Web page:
[For the previous countdown post, click here.]
13. “King Pest” (1835)
For an ostensibly comic tale, “King Pest” features some strikingly macabre imagery. A pair of drunken, bill-dodging sailors are chased off into one of London’s shunned plague districts, a place of “gloom, silence, pestilence, and death.” Decay is the dominant motif here: “Fallen houses choked up the streets. The most fetid and poisonous smells everywhere prevailed”–these coming in large part from the rotting carcasses of those who foolishly ventured into the area. The sailors enter the ruins of an undertaker’s shop, only to discover a group of grotesque imbibers inside. Poe yokes together the potable and the funereal, showing King Pest and his Death-worshipping court draped in borrowed palls and burial garments (one member actually wears a “mahogany coffin”) and drinking from skulls. These ghoulish boozers soon threaten to drown the sailors in a “hogshead of October beer,” and while the tale ends on a positive note (the sailors run off, in quest of further libation, with two of King Pest’s female followers), there is a dark undercurrent flowing through the narrative that suggests the author’s own awareness of the fatal dangers of alcoholism.
12. “The Murders in the Rue Morgue” (1841)
Although hailed as a seminal detective story, “The Murders in the Rue Morgue” cannot be segregated from Poe’s Gothic tales. The nocturnally-bent narrator and C. Auguste Dupin haunt a place the Ushers would feel right at home in, “renting and furnishing in a style which suited the rather fantastic gloom of our common temper, a time-eaten and grotesque mansion, long deserted through superstitions.” Even the puzzling crimes of the title are marked by the “excessively outré,” the “brutal ferocity of these deeds.” A victim’s hair has been ripped right out of the scalp in clumps, her throat so savagely slashed that the head falls from the body. The upending of reason by madness and death is signaled by the fate of the other victim, stuffed head-down up a chimney. Dupin ultimately restores order by discovering the cause of the late-night carnage, but the grim nature of the crime scene lingers in the reader’s mind just as much as the ingenious solution of a locked-room mystery.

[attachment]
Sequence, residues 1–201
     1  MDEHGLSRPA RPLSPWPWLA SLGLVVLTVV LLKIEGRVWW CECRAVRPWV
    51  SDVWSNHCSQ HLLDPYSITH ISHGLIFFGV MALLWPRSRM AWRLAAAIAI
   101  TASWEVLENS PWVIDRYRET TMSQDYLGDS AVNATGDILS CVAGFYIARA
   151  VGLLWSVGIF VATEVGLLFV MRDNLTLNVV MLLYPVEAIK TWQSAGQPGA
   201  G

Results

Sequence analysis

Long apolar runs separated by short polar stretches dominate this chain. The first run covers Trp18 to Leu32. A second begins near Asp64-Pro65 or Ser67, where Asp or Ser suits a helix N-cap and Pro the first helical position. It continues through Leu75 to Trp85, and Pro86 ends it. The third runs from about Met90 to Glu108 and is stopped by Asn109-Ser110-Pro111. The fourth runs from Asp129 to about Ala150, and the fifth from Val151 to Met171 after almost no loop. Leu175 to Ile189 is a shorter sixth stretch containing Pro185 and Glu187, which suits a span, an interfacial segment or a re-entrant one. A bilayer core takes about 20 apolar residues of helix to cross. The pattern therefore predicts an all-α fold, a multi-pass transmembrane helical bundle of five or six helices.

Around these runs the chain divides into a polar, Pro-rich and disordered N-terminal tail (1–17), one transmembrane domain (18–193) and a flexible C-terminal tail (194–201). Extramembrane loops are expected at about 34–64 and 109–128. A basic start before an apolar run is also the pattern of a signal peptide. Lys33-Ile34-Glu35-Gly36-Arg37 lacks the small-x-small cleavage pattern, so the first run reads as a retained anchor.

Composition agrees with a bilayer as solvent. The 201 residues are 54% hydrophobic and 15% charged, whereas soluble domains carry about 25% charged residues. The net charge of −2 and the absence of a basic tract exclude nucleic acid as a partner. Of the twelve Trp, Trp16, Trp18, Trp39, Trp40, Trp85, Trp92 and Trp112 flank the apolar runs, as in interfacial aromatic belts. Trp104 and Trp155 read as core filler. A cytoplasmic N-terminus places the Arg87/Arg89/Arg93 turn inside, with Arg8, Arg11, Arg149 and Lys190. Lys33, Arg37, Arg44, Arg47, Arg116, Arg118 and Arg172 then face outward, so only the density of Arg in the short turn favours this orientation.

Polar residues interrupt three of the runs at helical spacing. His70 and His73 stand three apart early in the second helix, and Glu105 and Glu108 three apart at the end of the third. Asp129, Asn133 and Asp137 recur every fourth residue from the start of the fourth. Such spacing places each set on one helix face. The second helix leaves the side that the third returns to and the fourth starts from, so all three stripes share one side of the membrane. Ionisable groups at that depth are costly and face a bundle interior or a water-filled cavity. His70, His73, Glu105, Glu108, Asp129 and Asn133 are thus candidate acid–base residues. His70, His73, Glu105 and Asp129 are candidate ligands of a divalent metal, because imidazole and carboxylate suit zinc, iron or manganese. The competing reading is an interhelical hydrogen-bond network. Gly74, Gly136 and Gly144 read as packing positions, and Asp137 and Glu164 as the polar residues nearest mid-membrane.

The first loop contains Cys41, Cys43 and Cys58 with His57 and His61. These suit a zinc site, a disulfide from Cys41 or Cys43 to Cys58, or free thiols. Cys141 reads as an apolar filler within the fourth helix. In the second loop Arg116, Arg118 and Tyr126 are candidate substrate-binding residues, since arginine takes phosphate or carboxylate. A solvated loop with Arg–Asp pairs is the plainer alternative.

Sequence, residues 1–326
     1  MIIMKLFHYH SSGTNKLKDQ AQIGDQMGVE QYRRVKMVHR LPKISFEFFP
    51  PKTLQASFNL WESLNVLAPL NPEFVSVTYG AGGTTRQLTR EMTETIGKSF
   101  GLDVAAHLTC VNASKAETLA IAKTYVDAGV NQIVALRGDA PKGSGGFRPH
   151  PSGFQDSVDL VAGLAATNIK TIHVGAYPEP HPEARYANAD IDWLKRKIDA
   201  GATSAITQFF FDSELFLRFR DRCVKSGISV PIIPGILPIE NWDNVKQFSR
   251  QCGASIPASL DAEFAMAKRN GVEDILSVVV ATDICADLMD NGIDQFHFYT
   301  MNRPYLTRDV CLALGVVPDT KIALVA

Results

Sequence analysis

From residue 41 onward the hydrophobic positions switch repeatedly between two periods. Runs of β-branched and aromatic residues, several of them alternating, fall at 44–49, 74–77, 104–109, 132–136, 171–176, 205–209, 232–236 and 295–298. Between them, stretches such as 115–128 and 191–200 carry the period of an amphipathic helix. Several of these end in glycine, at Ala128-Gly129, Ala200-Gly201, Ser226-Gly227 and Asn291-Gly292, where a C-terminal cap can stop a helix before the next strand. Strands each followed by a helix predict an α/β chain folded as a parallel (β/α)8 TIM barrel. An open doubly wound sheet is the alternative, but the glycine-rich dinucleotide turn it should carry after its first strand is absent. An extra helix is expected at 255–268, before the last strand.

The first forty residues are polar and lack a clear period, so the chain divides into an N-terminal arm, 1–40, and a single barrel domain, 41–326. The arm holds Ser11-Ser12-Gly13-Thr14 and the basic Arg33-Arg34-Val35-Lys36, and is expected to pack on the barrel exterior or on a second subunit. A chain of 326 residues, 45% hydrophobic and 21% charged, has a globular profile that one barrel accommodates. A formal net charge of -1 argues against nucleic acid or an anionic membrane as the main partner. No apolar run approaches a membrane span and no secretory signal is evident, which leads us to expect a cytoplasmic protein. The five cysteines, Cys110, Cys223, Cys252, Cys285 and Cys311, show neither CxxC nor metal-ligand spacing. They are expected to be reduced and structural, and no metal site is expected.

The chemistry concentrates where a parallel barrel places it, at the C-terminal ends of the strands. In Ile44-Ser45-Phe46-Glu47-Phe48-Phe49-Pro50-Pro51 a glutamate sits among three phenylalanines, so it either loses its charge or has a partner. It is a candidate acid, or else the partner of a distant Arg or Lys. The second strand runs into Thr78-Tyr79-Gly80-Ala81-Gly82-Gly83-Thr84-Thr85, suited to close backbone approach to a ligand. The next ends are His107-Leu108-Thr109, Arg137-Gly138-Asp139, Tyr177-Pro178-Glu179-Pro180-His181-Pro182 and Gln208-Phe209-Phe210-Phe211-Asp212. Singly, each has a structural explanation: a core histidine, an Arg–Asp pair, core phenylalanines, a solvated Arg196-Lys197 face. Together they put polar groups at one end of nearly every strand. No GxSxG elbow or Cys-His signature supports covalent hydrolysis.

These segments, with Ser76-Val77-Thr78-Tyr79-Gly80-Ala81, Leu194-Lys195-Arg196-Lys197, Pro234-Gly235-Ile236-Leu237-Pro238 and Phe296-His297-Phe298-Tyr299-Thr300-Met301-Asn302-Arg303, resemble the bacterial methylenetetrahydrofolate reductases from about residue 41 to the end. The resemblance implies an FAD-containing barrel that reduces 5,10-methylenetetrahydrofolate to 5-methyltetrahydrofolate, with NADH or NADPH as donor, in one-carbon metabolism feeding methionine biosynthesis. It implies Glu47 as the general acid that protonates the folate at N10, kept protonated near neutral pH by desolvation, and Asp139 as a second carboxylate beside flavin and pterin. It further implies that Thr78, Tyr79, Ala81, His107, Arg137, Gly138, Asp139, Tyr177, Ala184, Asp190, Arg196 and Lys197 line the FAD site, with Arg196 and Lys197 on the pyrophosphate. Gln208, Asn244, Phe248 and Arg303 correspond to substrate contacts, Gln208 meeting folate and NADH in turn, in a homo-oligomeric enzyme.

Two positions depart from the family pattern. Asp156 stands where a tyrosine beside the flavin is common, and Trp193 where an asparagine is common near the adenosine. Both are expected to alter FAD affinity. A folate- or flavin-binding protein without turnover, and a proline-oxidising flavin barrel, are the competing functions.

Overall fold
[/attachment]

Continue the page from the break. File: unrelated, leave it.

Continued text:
11. “The Cask of Amontillado” (1846)
Merriment capitulates to the macabre in this dark carnival tale of excessive vengeance. Hellbent on redressing some unspecified slight, the devious, dissembling Montresor lures his “friend” Fortunato down into the catacombs beneath his Italian palazzo. Montresor’s short narrative is long on black humor and verbal cleverness (e.g. the trowel-brandishing narrator’s insistence that he is belongs to the brotherhood of masons). A bravura performance, to be sure, yet one can’t help but wonder what the drunken, jester-dressed Fortunato could possibly have done to justify ending up walled up alive inside Montresor’s vault. Still, Poe offers more than a portrait of a remorseless sociopath, as can be seen in the closing paragraph when Montresor references his own heartsickness. His very compulsion to tell (confess?) his story–to shed light on his dark crime a half-century after the fact–hints at his being haunted by his past act of fiendish retribution and now fearing (while facing his own mortality) the fate of his soul. [Incidentally, this suggestion of guilt and dread is what I picked up on and developed in my 2009 sequel (Pseudopod #166) to Poe’s story, “Something There Is.”]